• Apple has also used its powers to block “three white nationalist websites that sold clothing with Nazi logos, ‘White Pride’ T-shirts, and a bumper sticker of a car plowing into protesters from using Apple Pay.”

5: Nike

  • Nike stood in support of SF 49ers quarterback, Colin Kapernick in 2018 via a campaign.
  • A few days ago Nike posted an antiracism campaign on their Instagram.
  • Nike has aligned itself with the Black Lives Matter movement, according to the NY Times.

6: Levi Strauss

  • “Levi’s is donating $100,000 to the ACLU and a further $100,000 to the mass incarceration campaign group Live Free USA.”
  • The Levi Strauss Foundation has made various efforts in support of black communities, such as the publication of Voices: Pioneers in Justice.

7: Fila

  • Fila donated $100,000 to the Black Lives Matter movement.
  • On Instagram, Fila made the following statement: “We will not remain silent in the face of injustice. Today and every day we stand in solidarity with the Black community and we will use our voice to support as you have always supported us.”
  • The company also used their Instagram account to promote various ways in which followers can take action and used the hashtag #BlackLivesMatter.

8: YouTube

  • YouTube pledged $1 million dollars in support of social justice causes.
  • On Twitter, the brand recently posted the following statement: “We stand in solidarity against racism and violence. When members of our community hurt, we all hurt.”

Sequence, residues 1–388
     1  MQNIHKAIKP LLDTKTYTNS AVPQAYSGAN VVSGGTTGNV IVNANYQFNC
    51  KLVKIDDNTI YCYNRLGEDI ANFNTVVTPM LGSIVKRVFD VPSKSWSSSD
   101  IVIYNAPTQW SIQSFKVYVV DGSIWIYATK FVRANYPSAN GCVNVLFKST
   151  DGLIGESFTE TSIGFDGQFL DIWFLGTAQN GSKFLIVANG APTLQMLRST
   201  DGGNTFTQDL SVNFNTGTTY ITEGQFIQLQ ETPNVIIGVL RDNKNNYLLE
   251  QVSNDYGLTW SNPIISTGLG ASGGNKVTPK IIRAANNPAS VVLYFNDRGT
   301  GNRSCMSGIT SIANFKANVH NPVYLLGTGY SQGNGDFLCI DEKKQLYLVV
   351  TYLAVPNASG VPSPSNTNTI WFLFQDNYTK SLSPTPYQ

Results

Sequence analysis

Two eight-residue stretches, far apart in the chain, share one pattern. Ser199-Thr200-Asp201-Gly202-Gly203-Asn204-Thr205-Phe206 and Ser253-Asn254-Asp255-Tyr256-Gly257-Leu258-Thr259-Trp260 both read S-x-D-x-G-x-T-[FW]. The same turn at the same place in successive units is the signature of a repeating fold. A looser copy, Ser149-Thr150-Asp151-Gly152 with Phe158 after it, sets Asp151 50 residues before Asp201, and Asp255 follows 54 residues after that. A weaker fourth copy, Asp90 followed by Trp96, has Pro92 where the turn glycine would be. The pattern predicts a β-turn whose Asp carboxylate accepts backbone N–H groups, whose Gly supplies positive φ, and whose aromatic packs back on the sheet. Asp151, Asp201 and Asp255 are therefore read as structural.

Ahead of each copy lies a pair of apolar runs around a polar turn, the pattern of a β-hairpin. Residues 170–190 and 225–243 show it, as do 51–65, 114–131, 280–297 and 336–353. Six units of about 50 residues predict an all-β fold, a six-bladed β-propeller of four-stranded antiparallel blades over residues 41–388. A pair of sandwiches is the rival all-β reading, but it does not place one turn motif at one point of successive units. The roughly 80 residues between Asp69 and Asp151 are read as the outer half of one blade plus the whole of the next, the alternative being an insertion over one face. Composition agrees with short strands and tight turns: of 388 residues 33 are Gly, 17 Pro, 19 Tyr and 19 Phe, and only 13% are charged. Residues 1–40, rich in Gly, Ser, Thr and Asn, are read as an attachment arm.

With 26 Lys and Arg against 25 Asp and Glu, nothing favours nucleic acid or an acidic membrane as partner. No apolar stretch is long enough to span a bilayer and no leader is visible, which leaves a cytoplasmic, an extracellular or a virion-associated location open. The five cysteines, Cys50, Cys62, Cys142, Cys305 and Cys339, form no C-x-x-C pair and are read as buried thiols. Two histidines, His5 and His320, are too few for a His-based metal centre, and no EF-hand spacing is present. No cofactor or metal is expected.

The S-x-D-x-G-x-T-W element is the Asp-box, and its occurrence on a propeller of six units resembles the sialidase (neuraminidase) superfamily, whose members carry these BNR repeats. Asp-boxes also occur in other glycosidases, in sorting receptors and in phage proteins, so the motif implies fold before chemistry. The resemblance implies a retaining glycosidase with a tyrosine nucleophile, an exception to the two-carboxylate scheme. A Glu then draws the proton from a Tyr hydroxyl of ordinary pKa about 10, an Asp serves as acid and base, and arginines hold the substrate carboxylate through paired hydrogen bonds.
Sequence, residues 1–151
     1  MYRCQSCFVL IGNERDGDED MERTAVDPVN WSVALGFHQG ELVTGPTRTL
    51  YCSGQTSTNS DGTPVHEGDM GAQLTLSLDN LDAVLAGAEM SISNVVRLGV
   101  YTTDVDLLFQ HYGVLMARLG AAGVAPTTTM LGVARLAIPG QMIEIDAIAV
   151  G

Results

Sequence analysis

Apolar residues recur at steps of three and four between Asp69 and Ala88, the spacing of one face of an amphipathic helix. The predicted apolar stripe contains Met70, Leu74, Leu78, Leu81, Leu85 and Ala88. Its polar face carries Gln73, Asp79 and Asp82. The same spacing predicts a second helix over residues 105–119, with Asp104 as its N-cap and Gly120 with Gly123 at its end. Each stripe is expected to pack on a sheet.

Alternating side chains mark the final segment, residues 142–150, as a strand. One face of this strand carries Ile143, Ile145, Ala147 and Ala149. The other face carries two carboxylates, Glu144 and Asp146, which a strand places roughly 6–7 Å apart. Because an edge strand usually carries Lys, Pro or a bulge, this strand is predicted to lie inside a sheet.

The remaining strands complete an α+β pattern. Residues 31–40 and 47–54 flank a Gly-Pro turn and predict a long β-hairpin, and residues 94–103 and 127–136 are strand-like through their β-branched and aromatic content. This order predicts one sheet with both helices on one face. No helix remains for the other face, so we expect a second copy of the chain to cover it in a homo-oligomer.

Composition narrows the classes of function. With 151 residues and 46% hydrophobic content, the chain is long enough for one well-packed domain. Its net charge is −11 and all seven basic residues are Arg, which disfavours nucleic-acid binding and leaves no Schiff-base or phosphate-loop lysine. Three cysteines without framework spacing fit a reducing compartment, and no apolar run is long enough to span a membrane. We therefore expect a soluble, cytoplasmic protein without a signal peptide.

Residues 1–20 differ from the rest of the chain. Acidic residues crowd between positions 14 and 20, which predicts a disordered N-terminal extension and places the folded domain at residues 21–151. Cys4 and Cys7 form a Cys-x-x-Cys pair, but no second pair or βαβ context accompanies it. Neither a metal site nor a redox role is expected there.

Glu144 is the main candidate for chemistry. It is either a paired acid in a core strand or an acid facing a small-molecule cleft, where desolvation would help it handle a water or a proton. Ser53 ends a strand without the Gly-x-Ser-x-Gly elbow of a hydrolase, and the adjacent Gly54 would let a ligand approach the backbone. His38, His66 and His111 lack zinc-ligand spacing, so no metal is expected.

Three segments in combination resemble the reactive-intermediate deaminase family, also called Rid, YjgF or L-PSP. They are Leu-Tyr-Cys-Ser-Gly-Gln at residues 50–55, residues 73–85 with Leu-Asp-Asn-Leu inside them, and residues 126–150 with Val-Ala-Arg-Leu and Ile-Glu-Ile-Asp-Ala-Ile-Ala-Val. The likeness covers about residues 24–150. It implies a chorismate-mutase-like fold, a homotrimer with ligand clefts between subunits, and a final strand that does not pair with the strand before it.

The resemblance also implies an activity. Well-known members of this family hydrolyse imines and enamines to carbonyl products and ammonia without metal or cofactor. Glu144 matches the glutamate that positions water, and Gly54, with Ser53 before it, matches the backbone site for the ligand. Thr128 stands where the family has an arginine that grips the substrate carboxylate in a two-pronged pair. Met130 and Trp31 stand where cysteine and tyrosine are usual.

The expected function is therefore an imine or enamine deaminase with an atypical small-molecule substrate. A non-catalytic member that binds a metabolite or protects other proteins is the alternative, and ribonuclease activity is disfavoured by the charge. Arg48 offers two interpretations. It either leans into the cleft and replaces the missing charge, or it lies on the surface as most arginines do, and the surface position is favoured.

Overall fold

9: Ben & Jerry’s

  • Ben & Jerry’s took a public stand in support of the Black Lives Matter protests in Ferguson several years ago.
  • In 2019, the brand launched a campaign to help bail black mothers out of jail for Mother’s Day.
  • Ben & Jerry’s recently used the #BlackLivesMatter hashtag on Twitter.

10: WarnerMedia Brands

  • WarnerMedia’s brands (e.g. HBO, TBS) recently “changed their Twitter names to #BlackLivesMatter and quoted the black novelist James Baldwin: ‘Neither love nor terror makes one blind: indifference makes one blind.'”
  • WarnerMedia introduced the industry’s first Diversity and Inclusion policy in 2018, and the company states they have always been committed to diversity and inclusion as a moral.

How Companies in the U.S. Are Working to Combat Racism (Non-Financially)

Trend 1: Becoming Publicly and Directly Vocal

  • Although American companies tend to shy away from addressing political issues for fear of creating controversy among their consumer base, recent years have seen pressure from the public wanting to hear where company leaders stand on important issues. This has become a trend according to marketing expert, Americus Reed of the Wharton School.
  • Reed has proposed that taking a stand is beneficial to companies, not only because doing so has moral value, but also because it’s a chance for them to stand out from their competition using something other than product function.